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Defying Taboos Surrounding Colon Cancer

 

Beyond the age of two or so, it is considered impolite at the very least and "nasty" at worst to talk about the bodily function of one's behind - more technically, one's colon and rectum.

 

It's not exactly the subject of dinner conversation. More often, it's the subject of crude jokes.

 

By Dr. Lorraine Cole

 

This social taboo makes us pretend that grown-ups don't poop - especially women. Even the place where we use the toilet has pleasant-sounding names, such as the "powder room," "ladies room," "rest room" and "little girl's room."

 

And, name the number of polite words there are for buttocks - "derrière," "booty," "touché," "buns," "rump," "behind," "back side," for starters.

 

Our social mores also cause us to avoid being examined "back there" at the doctor's office. Modesty is killing too many of us from something that is entirely preventable - colorectal cancer.   

 

Colorectal cancer is the second most common cancer and the third most common cause of cancer death among Black women.

 

According to the American Cancer Society, an estimated 8,560 Black women are diagnosed with colon cancer each year. That's equivalent to 25 jumbo jet airplanes filled to capacity.

 

When it comes to counting the number of deaths of Black women from colon cancer each year, it's the same as if 11 of those jumbo jets didn't make it to their destination.

 

More Black women die from colorectal cancer each year than any other group of women or men.

 

The good news is that colorectal cancer is one of the most preventable forms of cancer. It almost always starts out as a tiny non-cancerous growth, called a polyp, which can cause cancer if not removed.

 

So, if a polyp is found in time and taken out, cancer can be avoided. Not a bad trade-off for the little embarrassment of an exposed buttock.

 

There is a wide range of screening tests for colorectal cancer, from low-tech, do-it-yourself test kits to clinical exams performed by health professionals. The easiest tests can be done by you in the privacy of your home.

 

More thorough tests are done in a doctor's office or hospital. But, too often, Black women are not referred for the most effective or thorough medical tests compared to other groups of women and men.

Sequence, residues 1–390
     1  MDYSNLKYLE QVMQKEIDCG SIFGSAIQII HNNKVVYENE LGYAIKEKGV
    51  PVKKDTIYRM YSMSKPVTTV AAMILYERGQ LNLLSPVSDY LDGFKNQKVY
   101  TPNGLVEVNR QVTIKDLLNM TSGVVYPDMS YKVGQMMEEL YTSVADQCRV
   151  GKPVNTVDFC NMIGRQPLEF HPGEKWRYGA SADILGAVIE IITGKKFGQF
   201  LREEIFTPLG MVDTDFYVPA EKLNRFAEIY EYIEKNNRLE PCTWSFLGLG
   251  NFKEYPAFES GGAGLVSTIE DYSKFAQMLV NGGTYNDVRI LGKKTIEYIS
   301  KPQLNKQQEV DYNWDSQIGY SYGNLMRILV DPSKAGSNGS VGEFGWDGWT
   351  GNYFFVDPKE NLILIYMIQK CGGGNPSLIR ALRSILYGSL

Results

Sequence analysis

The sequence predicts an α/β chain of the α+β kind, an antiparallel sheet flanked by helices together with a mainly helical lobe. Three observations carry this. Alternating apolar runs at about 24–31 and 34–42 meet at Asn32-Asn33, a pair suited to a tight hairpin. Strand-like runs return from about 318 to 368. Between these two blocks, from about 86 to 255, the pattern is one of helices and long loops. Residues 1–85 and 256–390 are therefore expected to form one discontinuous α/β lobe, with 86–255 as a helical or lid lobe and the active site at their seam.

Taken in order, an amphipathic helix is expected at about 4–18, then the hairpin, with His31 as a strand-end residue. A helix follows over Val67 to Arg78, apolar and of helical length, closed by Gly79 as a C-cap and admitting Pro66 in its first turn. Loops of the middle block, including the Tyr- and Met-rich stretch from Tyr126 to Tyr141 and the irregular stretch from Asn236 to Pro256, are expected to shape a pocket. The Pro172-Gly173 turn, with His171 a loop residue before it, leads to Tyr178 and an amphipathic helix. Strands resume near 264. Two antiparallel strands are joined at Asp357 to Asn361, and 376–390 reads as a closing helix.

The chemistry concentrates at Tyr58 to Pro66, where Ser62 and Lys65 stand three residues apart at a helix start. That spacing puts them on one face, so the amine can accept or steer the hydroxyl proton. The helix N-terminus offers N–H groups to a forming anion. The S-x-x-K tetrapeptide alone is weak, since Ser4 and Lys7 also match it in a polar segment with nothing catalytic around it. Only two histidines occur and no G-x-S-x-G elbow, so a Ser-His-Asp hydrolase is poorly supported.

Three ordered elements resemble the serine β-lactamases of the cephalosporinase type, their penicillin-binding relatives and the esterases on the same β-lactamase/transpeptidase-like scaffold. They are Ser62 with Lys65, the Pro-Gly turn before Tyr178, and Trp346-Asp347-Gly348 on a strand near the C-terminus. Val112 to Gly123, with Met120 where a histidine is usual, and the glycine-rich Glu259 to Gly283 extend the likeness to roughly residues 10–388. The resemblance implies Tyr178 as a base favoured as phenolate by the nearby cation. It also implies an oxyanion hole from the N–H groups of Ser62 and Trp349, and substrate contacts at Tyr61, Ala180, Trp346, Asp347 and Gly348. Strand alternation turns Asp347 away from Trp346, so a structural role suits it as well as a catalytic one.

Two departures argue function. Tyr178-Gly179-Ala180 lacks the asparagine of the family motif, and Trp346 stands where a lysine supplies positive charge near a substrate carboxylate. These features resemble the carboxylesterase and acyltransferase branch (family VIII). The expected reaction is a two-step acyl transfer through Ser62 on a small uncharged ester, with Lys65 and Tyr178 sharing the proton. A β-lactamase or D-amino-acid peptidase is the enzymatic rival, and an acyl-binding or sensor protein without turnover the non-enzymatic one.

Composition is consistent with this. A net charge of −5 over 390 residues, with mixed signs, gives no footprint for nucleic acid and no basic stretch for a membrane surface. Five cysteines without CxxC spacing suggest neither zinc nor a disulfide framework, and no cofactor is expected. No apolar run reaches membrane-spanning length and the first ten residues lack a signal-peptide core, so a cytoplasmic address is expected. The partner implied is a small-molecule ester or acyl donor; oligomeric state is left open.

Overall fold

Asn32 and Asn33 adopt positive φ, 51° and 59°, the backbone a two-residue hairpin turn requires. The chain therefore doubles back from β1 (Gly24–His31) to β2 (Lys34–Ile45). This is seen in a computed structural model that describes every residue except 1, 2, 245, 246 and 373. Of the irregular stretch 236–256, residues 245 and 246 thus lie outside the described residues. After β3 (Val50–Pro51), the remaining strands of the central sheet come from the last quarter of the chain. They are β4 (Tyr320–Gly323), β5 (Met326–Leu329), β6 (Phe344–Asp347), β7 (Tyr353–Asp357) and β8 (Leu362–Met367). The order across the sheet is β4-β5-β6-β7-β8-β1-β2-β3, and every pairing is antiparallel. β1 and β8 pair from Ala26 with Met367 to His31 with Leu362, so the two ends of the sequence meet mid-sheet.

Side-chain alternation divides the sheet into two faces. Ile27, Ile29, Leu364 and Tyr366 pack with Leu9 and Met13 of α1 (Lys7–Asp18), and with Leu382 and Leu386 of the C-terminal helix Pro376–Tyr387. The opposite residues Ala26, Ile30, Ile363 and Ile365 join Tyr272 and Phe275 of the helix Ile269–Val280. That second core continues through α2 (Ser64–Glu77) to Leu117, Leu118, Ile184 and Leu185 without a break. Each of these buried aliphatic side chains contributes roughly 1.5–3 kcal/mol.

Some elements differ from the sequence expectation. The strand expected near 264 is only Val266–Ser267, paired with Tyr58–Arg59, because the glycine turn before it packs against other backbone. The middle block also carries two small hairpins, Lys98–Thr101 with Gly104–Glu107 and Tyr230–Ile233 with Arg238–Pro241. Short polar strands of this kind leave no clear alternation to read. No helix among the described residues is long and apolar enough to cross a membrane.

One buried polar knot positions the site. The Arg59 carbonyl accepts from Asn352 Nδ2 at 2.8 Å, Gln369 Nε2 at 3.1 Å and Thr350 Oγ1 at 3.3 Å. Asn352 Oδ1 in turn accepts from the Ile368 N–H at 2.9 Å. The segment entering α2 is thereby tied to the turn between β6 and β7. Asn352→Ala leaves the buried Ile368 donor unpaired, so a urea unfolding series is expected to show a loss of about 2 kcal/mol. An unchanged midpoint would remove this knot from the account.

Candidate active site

According to the Institute of Medicine report titled "Unequal Treatment," Black women get the poorest quality of health care regardless of income, education and health insurance coverage.

 

A bizarre combination of racism and sexism seems to occur when Black women need care. Therefore, Black women cannot afford to be coy about any part of their bodies, particularly when it comes to matters of health. 

 

Popular culture has been slowly and steadily allowing us to be more comfortable talking about our exterior posterior.

 

I recall being somewhat taken aback when the 70s hit song told us to "shake, shake, shake…shake, shake, shake…shake your booty" and was further stunned when my, then, 3-year-old goddaughter sang the words.

 

In the 80s, we became bold enough to bump hips on the dance floor, "doing da' butt." And, who would have ever imagined that in the 90s, a lyrical ode called the "Thong Song" would be topping the charts.

 

More recently, songstress Beyoncé coined the term "bootylicious" and created a new dance craze. She even taught Oprah her rear-end "bounce" on national television.

 

And, these days, I shudder at the thought of my teen-ager dancing to "my hump, my hump, my hump…my lovely lady lumps," but admit that I find my head bobbing to the beat. But, we need to become just as fixated on our interior posterior as we are on its exterior aesthetic.  

So, we're calling a virtual meeting in the ladies room and you're invited.

In this section, BlackWomensHealth.ORG, the Black Women's Health Imperative has teamed with the US National Women's Health Resource Center to urge Black women to be aware of colorectal cancer and take action to prevent it.

Woman to woman, girlfriend to girlfriend, sister girl to sister girl, we've included everything you need to know about colorectal cancer. In other words, we want to save your butt - yes, I said it!

Dr Cole is the CEO of the US-based Black Women's Health Imperative - a leading African American health education, research, advocacy and leadership development institution.

Editor's Note: For women living outside the United States, please consult your doctor, hospital and health workers for further information about colon cancer.

 E-mail comments to editor@thenewblackmagazine.com

 

Looking After Your Hump - Your Lovely Lady Lump!

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